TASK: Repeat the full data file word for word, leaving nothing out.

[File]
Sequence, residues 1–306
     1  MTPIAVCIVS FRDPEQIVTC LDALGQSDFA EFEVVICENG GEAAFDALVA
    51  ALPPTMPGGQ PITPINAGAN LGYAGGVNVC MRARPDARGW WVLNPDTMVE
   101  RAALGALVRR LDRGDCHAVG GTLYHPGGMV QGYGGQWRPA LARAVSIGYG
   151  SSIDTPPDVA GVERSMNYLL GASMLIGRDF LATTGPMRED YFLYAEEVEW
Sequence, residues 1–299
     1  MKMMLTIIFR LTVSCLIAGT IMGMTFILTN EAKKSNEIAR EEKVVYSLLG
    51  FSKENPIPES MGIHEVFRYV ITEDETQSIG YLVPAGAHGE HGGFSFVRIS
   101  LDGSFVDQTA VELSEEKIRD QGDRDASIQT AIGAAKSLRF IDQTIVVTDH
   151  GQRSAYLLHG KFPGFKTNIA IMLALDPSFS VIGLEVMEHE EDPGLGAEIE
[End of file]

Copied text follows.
Sequence, residues 1–306
     1  MTPIAVCIVS FRDPEQIVTC LDALGQSDFA EFEVVICENG GEAAFDALVA
    51  ALPPTMPGGQ PITPINAGAN LGYAGGVNVC MRARPDARGW WVLNPDTMVE
   101  RAALGALVRR LDRGDCHAVG GTLYHPGGMV QGYGGQWRPA LARAVSIGYG
   151  SSIDTPPDVA GVERSMNYLL GASMLIGRDF LATTGPMRED YFLYAEEVEW
Sequence, residues 1–299
     1  MKMMLTIIFR LTVSCLIAGT IMGMTFILTN EAKKSNEIAR EEKVVYSLLG
    51  FSKENPIPES MGIHEVFRYV ITEDETQSIG YLVPAGAHGE HGGFSFVRIS
   101  LDGSFVDQTA VELSEEKIRD QGDRDASIQT AIGAAKSLRF IDQTIVVTDH
   151  GQRSAYLLHG KFPGFKTNIA IMLALDPSFS VIGLEVMEHE EDPGLGAEIE